Set Apart to Serve

Categories: Features

 

Thank you for supporting our new Deacons!
Rev. Br. Andy Opsahl, O.P. (L) and Rev. Br. Cody Jorgenson, O.P. (R) were recently ordained as deacons by the Most Rev. Robert Christian (C). The Deaconate is a ministry focused on charity through service, and leaves an indelible mark on one’s soul.

On August 8, the Solemnity of Saint Dominic, I received the sacrament of Holy Orders by being ordained a deacon alongside my classmate, Br. Cody Jorgenson. The event marked a profound change to my role in the Church. As the Catechism tells us in paragraph 1570, a deacon shares in Christ’s mission and grace in a special way. Through the sacrament, he is marked with what the Church calls an imprint or “character” which cannot be removed, and which configures him to Christ, who made himself the “deacon” or “servant” of all. The title “deacon” comes from the Greek word “diakonia,” which in Christian theology signifies service.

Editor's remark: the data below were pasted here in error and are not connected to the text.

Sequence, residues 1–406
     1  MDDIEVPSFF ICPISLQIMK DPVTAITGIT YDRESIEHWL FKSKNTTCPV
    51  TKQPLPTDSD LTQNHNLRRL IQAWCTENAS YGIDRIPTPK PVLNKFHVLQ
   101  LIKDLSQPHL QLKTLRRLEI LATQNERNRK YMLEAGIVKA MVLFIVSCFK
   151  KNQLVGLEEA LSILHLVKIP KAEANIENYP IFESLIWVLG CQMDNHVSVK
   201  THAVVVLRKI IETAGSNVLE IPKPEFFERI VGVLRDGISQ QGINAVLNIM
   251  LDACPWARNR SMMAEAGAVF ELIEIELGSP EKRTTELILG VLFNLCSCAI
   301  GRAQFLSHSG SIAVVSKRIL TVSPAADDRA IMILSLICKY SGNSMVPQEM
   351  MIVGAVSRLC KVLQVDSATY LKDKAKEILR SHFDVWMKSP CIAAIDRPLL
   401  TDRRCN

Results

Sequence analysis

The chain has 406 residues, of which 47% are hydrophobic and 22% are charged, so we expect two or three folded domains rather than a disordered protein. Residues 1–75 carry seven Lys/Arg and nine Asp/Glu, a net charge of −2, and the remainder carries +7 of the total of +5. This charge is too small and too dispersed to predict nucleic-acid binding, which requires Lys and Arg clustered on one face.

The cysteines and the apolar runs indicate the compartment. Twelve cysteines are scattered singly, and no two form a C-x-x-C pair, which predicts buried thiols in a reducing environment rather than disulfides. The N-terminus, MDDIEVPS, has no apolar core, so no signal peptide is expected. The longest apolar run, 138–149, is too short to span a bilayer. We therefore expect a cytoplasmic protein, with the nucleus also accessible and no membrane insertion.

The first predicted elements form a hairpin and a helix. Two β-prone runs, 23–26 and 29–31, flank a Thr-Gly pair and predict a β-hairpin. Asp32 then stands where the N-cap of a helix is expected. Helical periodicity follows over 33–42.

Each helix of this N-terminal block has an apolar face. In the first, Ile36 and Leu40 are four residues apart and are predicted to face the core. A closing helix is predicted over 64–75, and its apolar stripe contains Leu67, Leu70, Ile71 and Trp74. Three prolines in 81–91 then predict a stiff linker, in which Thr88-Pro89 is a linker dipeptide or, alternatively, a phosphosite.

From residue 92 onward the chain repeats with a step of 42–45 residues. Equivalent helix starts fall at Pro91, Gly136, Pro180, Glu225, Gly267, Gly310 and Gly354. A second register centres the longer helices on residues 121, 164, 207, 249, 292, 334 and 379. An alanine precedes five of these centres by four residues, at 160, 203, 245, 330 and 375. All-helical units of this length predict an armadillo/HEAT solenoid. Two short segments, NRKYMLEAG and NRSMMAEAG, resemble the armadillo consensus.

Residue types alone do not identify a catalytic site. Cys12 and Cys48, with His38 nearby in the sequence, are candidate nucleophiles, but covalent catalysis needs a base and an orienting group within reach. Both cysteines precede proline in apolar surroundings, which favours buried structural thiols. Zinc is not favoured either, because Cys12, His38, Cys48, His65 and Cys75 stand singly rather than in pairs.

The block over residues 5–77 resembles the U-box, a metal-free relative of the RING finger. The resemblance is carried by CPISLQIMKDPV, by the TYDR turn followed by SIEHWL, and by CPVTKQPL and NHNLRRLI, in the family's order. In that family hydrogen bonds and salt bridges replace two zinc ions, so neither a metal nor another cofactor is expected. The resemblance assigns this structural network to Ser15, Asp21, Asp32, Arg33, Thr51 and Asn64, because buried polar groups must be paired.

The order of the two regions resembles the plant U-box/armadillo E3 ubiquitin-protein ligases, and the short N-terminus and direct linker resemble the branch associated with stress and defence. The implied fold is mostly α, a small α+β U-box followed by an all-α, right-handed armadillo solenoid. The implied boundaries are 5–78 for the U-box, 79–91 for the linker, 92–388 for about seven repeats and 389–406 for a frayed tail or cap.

All ordained Catholic ministers are set apart by Christ through Holy Orders for service to the Body of Christ, the Church. Bishops and their brother priests serve the Church primarily by confecting all of the sacraments and providing order to the Church through their participation in Christ’s headship of the Body. Deacons, by comparison, do not participate in Christ’s headship, but instead focus on service through ministry. Among other tasks, it is my job as a deacon to assist the bishop and priests in the celebration of the Eucharist, including the distribution of Holy Communion. I am able to bless and assist at marriages, preside over funerals, proclaim the Gospel, and preach during Mass. Additionally, a deacon is supposed to dedicate himself to various ministries of charity, which happens through the exercise of the different spiritual and corporal works of mercy.

Please pray for me as I grow in this special vocation of service to the Church. As a Dominican friar in formation for the priesthood, I believe that if I can be a good servant as a deacon, that should bode well for my ability to serve as a priest. Know that I will also be praying for you as you live out your role in the Body of Christ.

Saint Paul reminds us in 1 Corinthians 12:12, “the body is one and has many members, and all the members of the body, though many, are one body”. As we perform our various roles in the Body of Christ, let us be mindful of our shared goal: eternal happiness with our loving Creator.

-Br. Andrew Opsahl, O.P.

Meet the Student Brothers in Formation HERE